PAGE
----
Tale Foundry is a great group that one day I will write about, but for now, I suggest you check out their writing group.
She had stopped smiling after the party.
She would not tell her dear butler why she was hurting, just that there was alcohol and a boy involved. Maybe more than one boy, but she would not tell them or perhaps remember enough to tell them just how many of the young man’s friends there had been.
It did not matter, what did matter was that the boy and his friends had hurt her and taken her smile from them.
Every time some tragedy befell them, they would find the article and present it to her with the morning tea. She would look over it among the other news, but no smile, just a glazed look when she saw their faces and names. That look was better than the pain and fear she showed when she crossed them on the streets. It was better than the time the boy had taken hold of her shoulder at a dinner party and they had to spend an hour convincing her to let them into the powder room she had locked herself in.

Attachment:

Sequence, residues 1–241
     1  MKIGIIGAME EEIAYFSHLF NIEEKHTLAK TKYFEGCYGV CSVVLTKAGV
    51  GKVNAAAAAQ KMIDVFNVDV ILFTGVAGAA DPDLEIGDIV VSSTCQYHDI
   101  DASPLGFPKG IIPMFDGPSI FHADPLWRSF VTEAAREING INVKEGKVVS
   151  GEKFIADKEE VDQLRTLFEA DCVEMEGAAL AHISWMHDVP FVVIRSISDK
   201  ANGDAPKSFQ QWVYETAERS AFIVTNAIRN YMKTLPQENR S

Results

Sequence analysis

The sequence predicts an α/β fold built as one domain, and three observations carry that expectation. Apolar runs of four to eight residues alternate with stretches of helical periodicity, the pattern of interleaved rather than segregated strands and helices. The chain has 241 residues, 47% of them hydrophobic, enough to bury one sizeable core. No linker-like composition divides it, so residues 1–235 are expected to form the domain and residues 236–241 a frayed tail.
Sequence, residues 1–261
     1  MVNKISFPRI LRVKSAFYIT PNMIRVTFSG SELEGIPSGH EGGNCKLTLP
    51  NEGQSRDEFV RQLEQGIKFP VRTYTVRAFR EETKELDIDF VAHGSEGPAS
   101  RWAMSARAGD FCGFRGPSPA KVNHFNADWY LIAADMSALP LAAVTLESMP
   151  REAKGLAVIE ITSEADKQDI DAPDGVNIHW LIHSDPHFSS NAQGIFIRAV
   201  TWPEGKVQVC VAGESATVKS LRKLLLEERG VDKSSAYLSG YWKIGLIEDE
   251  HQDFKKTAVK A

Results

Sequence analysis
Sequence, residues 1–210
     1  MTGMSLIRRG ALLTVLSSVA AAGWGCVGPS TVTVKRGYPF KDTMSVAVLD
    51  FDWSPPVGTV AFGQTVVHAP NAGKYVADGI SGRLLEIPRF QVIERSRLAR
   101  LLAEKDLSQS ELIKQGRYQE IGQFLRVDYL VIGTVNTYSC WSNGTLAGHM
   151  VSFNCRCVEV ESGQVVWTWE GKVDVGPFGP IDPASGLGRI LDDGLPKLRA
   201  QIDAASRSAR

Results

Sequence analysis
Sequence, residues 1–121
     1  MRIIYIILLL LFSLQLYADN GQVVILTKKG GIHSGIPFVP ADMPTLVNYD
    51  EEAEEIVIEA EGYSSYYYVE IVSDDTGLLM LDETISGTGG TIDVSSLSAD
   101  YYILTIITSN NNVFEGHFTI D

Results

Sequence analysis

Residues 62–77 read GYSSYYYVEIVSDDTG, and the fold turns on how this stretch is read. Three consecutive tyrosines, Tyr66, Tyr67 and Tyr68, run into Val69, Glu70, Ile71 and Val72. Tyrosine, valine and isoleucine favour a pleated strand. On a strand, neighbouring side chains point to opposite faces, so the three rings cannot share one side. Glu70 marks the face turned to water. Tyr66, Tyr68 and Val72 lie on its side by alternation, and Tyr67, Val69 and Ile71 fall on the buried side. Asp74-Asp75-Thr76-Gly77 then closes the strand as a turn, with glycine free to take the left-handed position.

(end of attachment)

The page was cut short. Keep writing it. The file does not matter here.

When one friend died from an illness and she saw the news by her favorite biscuits, there was not a smile, but there was something. Something different. A look in her eye that might become a smile.
When the news of one dying from a drunken accident came along fresh strawberries, she lost the stiffness in her shoulders.
News of one dying because of a rampaging horse was with pancakes and the reappearance of full night sleeps.
A mugging gone wrong was accompanied with eggs sunny side up and an expression besides numb despair.
The body found hanging from a rope brought it with the first time she had eaten more than a crumb of the toast it had been delivered with.
It was not a smile, but a scream they got when she saw the paper of the boy’s death and his head on a platter next to it.
Posted too late to submit, but maybe next time. Find more of Morgan Gray’s writings here!